Recycled Plastic Bridge Stands Up to M-1 Traffic – Twice….
By Dana Finney
An innovative thermoplastic composite bridge at Fort Bragg, North Carolina, is the first known structure of its kind to support military equipment loads exceeding 70 tons. On June 11, 2009, an M-1 tank safely crossed the newly built bridge, which is made from some 85,000 pounds of recycled plastics.
Click on 'play' (above) to watch an M-1 tank drive across a new thermoplastic bridge at Fort Bragg, North Carolina. Video courtesy of the Army Corps of Engineers Construction Engineering Research Laboratory in Champaign, Illinois.
“The first crossing was greeted with a big sigh of relief from some of us and a hardy round of applause from about 30 people in attendance,” said Richard Lampo, materials engineer with the Army Corps of Engineers Engineering Research and Development Center in Champaign, Illinois, who led the project. The tank’s foray across the bridge marked the completion of load testing and safety validation for the new structure, which was completed in May.
Since then, the Army has built a second bridge on base, and approved construction for a third. During a dedication ceremony for top Army officials and the media, Fort Bragg officials staged a similar demonstration on September 18, 2009, showing an M-1 tank moving across the same bridge.
Working with the Fort Bragg Department of Public Works and industry partners, the Corps of Engineers’ Construction Engineering Research Laboratory (CERL) designed and built the thermoplastic bridge to replace a dilapidated wooden bridge with a load limitation of 4.7 tons. The goal was to provide a low-maintenance, affordable structure using recycled materials and avoiding the use of any wood components that require chemical treatments to fight rot and insect attack as well as costly routine maintenance to repair or replace deteriorated members.
According to Ali Achmar, Army Transportation Infrastructure Program manager at Army Headquarters, Installation Management Command Public Works Division, “The Army has many timber bridges in use, often in remote training areas. Wood naturally degrades with environmental exposure, and this happens faster in harsh environments. The result of this degradation is a reduced load capacity or possible removal of the bridge, which can compromise critical training activities.”
The new recycled thermoplastic bridge at Fort Bragg will be equipped with sensors for remote monitoring to collect performance data. Photo courtesy of Army Corps of Engineers.
To date, thermoplastic composite lumber, commonly known as “plastic lumber,” has mainly been used in non-structural or low-stress applications such as park benches, picnic tables, and residential decking. But now structural-grade reinforced plastic lumber is an emerging technology for use in load-bearing construction. These materials do not contain any wood material and are inherently resistant to rot and attack by insects without the need for chemical treatments. Innovative plastic I-beam components were used to support the heavy loads and to provide a design that is cost-competitive to a treated-wood bridge designed to carry the same load.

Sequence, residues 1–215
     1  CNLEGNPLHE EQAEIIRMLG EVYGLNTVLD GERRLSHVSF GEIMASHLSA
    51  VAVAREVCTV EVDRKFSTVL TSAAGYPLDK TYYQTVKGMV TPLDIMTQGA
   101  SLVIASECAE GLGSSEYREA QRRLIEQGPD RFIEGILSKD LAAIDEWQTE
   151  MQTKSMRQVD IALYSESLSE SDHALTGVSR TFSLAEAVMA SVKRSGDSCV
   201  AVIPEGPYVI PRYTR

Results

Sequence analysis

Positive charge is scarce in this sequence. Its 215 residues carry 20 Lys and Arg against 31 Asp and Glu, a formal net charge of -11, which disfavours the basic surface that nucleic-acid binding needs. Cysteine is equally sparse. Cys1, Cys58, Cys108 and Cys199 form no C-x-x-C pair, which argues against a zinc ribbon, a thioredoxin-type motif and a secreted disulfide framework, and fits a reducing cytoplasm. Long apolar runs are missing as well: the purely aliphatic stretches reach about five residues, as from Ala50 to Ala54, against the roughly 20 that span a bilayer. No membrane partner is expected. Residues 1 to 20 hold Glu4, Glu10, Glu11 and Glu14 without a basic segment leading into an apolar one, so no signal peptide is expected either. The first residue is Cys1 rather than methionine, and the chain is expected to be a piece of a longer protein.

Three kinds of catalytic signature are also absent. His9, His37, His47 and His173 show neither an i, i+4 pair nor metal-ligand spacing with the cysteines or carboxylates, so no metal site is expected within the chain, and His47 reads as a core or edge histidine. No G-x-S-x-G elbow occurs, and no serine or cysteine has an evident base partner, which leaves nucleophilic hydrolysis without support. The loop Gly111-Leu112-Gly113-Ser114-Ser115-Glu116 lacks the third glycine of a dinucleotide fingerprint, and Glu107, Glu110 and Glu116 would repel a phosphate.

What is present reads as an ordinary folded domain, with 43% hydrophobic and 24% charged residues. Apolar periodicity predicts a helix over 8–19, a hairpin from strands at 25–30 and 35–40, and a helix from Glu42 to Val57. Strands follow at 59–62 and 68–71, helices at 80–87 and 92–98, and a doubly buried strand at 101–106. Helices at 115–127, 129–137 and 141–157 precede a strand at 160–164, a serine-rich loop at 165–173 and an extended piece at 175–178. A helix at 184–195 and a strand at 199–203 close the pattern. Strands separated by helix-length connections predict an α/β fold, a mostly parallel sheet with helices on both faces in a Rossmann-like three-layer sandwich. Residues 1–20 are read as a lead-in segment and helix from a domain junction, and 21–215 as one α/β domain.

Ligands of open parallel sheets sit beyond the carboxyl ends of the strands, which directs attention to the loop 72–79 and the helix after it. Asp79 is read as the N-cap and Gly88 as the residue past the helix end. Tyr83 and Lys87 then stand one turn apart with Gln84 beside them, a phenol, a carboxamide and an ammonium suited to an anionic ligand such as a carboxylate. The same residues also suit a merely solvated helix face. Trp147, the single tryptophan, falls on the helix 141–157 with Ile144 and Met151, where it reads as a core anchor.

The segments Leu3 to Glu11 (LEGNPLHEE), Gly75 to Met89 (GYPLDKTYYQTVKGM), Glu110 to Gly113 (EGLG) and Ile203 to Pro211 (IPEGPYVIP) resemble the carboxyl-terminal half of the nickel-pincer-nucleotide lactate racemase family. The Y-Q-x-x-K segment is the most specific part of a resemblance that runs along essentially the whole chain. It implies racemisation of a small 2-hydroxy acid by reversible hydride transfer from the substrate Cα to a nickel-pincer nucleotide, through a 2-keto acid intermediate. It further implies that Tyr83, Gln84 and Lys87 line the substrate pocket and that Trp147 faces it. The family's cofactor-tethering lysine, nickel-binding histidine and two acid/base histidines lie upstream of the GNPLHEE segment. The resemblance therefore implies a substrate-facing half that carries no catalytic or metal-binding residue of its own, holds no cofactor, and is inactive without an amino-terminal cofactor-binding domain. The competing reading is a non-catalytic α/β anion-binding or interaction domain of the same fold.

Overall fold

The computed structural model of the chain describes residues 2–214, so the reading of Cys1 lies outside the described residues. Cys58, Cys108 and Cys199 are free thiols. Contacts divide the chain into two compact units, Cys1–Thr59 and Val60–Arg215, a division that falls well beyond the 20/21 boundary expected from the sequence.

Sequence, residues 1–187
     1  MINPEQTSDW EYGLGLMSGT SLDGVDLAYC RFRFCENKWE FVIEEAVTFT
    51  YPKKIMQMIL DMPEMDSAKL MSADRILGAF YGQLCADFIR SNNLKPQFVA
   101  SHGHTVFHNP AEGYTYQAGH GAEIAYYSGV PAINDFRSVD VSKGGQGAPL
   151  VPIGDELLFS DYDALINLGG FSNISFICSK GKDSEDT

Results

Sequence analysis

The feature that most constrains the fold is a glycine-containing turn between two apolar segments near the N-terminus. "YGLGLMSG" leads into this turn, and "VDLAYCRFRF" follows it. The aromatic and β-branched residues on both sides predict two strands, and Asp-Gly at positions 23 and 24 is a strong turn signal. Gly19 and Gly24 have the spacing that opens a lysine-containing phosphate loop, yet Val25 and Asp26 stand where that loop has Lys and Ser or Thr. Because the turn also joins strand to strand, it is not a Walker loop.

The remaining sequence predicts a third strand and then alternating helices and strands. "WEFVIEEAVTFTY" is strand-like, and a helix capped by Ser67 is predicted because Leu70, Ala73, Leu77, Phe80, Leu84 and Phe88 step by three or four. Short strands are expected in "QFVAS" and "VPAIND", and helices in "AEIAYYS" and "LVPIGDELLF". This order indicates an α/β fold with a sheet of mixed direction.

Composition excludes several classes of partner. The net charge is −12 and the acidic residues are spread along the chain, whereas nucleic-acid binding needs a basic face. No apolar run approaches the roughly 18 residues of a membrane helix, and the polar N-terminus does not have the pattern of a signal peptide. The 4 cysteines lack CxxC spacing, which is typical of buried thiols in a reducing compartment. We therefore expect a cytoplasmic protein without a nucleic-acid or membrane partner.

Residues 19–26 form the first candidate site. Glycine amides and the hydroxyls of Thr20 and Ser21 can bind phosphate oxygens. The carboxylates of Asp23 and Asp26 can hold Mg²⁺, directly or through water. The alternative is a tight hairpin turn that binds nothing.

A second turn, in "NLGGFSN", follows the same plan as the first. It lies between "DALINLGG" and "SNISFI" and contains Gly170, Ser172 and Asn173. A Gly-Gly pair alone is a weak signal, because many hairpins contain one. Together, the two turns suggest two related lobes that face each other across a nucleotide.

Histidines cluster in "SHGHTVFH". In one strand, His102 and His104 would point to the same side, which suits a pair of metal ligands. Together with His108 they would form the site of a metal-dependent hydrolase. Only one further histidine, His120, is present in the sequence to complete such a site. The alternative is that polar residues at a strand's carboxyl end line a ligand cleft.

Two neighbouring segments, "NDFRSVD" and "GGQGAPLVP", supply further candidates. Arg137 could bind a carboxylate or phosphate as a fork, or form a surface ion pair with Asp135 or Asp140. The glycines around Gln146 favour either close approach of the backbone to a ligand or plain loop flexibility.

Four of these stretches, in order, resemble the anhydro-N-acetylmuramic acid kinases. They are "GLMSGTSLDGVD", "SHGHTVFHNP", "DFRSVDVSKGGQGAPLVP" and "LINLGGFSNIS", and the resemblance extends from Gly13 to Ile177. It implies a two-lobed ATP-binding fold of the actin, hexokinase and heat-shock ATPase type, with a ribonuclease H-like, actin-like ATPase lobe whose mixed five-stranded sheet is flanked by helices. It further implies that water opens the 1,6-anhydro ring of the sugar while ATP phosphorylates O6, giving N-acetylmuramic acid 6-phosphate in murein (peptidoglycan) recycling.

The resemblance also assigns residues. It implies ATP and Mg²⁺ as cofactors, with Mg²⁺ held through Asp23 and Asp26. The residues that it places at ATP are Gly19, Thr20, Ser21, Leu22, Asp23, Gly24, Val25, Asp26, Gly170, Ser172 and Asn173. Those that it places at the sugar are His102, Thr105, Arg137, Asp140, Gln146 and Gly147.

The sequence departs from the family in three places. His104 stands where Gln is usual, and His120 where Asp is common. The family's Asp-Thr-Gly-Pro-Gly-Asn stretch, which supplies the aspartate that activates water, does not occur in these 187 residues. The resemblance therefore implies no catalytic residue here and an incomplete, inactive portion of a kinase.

We expect the advantages of the plastic lumber bridge will be lower maintenance costs and the ability to meet long-term training needs,” said Darryl Butler, civil engineer with Fort Bragg’s Department of Public Works. “The potential for this innovative material is only limited by the commander’s requirements and the mission.”
The DoD Corrosion Policy and Oversight Office program funded the plastic bridge’s design and the Army’s Assistant Chief of Staff for Installation Management paid for its construction and initial load testing. The DoD Corrosion Office also is funding continuous, remote monitoring for the load testing, the Army Bridge Inspection Team), along with its contractor Bridge Diagnostics, Inc., recorded measurements from various strain and deflection gauges mounted on the bridge. To complete the load testing, different types of vehicles, in addition to the M-1, crossed the bridge multiple times.
In addition to assessing the bridge’s structural performance under heavy loading, CERL is equipping the bridge with special sensors and video cameras to remotely monitor the durability of the thermoplastic materials for long-term use in such a bridge. This long-term remote-monitoring of the bridge is supported by funding from the DoD Corrosion Policy and Oversight Office program.
Achmar added, “A maintenance and repair budget is not always available to renovate deteriorated bridges. Also, if the same materials are used, the same degradation cycle begins all over again.”
“This thermoplastic bridge, able to withstand heavy loads with little to no maintenance, expected to last at least 50 years, is no longer the bridge of the future—it’s the bridge for today,” said Daniel J. Dunmire, OSD Director of Corrosion Policy and Oversight. “It also meets national environmental goals of being completely recyclable. This technology is not only good for DoD, but should be immediately transferred to state departments of transportation for use with short-span bridges wherever possible.”
Editor’s Note: A version of this article originally appeared in the ERDC Bulletin on July 3, 2009.